Audrey Rose (1977)
Bill and Janice are a happily married young couple with an eleven-year-old daughter named Ivy. Their familial bliss is shattered by the appearance of an old man named Elliot Hoover (Anthony Hopkins), whose daughter Audrey Rose died in a car accident eleven years previously. Hoover is convinced that Ivy is Audrey’s reincarnation. Although Bill and Janice originally object to the strange man’s intrusion into their lives, they also realize that Ivy, who experiences horrific nightmares, can only be calmed down by the elderly Mr. Hooper. When he eventually kidnaps Ivy, her parents seek to have him arrested, which only cements Hoover’s desire to prove that Ivy is his reincarnated daughter. According to Vincent Canby in The New York Times, the film “is supposed to be about reincarnation, but it’s really about the potentially dangerous side effects when a soul passes from one body to another without a proper interval. Lightheadedness, depression, disorientation and worse—they sound like the warnings on a bottle of prescription tranquilizers.”
Karen Tandy (Susan Strasberg) is admitted to a hospital in San Francisco complaining of a tumor growing in her neck. Her doctors believe it’s actually a living fetus gestating inside the tumor. Karen’s former boyfriend, a psychic named Harry Erskine (Tony Curtis), originally dismisses the idea that it’s anything more than a tumor, but then he becomes convinced that what’s growing inside his former girlfriend’s neck is the Manitou, a 400-year-old vengeful Native American spirit who must be quashed before he can wreak havoc. According to a review in Blood Brothers Films, “The Manitou is a high camp classic that was originally made to be a seriously taken Exorcist rip-off. The great cast, absurd plot and unintentional laughs will make this a must see for fans of the ludicrous side of horror films.”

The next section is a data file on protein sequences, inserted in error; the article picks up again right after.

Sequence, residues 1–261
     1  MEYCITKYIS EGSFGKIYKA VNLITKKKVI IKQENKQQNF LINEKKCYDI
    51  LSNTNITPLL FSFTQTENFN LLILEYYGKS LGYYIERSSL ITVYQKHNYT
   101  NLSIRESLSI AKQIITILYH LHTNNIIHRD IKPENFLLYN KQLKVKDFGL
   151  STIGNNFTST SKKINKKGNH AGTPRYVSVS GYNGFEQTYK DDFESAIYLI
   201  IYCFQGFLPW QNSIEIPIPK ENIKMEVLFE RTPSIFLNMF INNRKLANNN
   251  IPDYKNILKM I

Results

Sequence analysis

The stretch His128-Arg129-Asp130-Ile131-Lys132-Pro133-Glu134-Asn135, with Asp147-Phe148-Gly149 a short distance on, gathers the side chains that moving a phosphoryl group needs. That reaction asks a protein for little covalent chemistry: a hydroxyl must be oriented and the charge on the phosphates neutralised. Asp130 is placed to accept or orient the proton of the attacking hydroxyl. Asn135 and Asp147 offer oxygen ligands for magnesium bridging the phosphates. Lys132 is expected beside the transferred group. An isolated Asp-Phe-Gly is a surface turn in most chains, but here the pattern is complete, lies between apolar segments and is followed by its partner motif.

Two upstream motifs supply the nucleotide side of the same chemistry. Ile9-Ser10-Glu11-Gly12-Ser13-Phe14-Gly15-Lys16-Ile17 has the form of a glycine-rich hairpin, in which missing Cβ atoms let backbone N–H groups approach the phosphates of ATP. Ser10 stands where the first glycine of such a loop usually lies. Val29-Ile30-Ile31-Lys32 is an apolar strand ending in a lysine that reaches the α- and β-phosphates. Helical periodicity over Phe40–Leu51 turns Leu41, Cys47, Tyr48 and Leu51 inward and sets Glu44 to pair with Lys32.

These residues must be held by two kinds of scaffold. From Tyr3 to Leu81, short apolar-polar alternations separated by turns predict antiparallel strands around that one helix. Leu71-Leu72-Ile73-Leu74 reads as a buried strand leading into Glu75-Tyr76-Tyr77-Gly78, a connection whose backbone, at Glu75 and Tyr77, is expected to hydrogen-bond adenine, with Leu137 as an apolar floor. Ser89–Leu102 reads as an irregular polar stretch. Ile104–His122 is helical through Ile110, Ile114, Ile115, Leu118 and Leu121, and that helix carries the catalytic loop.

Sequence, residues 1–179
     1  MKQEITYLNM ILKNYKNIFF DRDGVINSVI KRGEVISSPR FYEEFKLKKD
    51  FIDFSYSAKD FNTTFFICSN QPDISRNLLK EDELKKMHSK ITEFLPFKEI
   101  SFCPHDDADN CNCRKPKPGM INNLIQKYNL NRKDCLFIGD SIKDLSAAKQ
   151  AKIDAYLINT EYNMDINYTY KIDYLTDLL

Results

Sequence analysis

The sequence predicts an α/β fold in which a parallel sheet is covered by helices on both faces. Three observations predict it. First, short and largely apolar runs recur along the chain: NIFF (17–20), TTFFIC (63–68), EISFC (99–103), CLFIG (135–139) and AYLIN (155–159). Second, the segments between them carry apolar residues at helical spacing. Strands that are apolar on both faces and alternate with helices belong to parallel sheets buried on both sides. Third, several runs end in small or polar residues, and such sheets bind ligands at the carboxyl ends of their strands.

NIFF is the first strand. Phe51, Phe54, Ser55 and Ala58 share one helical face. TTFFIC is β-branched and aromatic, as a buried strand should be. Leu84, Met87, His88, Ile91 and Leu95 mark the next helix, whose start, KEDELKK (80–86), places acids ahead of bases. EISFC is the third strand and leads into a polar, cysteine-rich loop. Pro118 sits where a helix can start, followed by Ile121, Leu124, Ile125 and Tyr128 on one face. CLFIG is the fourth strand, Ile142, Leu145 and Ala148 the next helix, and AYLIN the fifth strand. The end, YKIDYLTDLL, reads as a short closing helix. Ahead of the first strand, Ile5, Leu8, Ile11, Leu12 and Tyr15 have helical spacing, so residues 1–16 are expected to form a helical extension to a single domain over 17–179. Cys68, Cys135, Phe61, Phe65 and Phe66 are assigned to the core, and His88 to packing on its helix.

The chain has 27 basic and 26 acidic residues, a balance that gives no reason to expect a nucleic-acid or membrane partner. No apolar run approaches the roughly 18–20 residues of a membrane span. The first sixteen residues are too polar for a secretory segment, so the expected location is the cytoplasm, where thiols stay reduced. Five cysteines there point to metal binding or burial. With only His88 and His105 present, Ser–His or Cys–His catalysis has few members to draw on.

Heaven Can Wait (1978)
In this updated remake of 1941’s Here Comes Mr. Jordan—in which a boxer suddenly finds himself dead and waiting at heaven’s gate—Warren Beatty stars as Joe Pendleton, a backup quarterback for the Los Angeles Rams who wants more than anything to guide his team to a Super Bowl victory. But then Joe is struck dead on his bicycle in an LA tunnel by a truck driver and is whisked up to heaven to face his judgment. When it’s determined that his guardian angel made a hasty decision and that Joe wasn’t supposed to die yet, it is decided that Joe’s soul should inhabit the body of a recently murdered LA millionaire. Roger Ebert writes, “This is the kind of upbeat screwball comedy Hollywood used to do smoothly and well. Hollywood still does; the co-direction by Beatty and Buck Henry is confident, the performances are slyly humorous without hitting us over the head, and the screenplay (by Elaine May with Beatty’s participation) takes the curse off the plot’s essential sweetness by getting in some nice, mean digs at greed, corporate politics, adultery, professional football in general and jocks in particular.”
Chances Are (1989)